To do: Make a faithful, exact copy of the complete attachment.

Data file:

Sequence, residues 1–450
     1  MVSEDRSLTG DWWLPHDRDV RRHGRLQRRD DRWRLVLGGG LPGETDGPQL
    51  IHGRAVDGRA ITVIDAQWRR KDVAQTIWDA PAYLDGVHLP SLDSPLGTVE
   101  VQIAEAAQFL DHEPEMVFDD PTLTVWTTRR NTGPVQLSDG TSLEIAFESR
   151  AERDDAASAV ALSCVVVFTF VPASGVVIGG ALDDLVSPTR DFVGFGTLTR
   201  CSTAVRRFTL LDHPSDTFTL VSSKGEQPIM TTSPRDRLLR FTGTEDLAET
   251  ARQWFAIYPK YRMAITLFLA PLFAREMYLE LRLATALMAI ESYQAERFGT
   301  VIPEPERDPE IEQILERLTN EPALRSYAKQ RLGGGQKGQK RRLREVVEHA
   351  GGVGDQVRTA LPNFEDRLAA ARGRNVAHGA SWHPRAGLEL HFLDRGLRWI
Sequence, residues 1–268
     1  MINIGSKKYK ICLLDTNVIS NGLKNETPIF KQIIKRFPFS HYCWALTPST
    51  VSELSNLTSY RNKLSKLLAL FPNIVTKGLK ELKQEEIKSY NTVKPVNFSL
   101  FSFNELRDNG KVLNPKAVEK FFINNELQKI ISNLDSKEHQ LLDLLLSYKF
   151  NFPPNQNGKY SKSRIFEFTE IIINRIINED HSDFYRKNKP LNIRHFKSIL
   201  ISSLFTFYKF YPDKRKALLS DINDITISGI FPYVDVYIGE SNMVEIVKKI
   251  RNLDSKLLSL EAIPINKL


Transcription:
Sequence, residues 1–450
     1  MVSEDRSLTG DWWLPHDRDV RRHGRLQRRD DRWRLVLGGG LPGETDGPQL
    51  IHGRAVDGRA ITVIDAQWRR KDVAQTIWDA PAYLDGVHLP SLDSPLGTVE
   101  VQIAEAAQFL DHEPEMVFDD PTLTVWTTRR NTGPVQLSDG TSLEIAFESR
   151  AERDDAASAV ALSCVVVFTF VPASGVVIGG ALDDLVSPTR DFVGFGTLTR
   201  CSTAVRRFTL LDHPSDTFTL VSSKGEQPIM TTSPRDRLLR FTGTEDLAET
   251  ARQWFAIYPK YRMAITLFLA PLFAREMYLE LRLATALMAI ESYQAERFGT
   301  VIPEPERDPE IEQILERLTN EPALRSYAKQ RLGGGQKGQK RRLREVVEHA
   351  GGVGDQVRTA LPNFEDRLAA ARGRNVAHGA SWHPRAGLEL HFLDRGLRWI
Sequence, residues 1–268
     1  MINIGSKKYK ICLLDTNVIS NGLKNETPIF KQIIKRFPFS HYCWALTPST
    51  VSELSNLTSY RNKLSKLLAL FPNIVTKGLK ELKQEEIKSY NTVKPVNFSL
   101  FSFNELRDNG KVLNPKAVEK FFINNELQKI ISNLDSKEHQ LLDLLLSYKF
   151  NFPPNQNGKY SKSRIFEFTE IIINRIINED HSDFYRKNKP LNIRHFKSIL
   201  ISSLFTFYKF YPDKRKALLS DINDITISGI FPYVDVYIGE SNMVEIVKKI
   251  RNLDSKLLSL EAIPINKL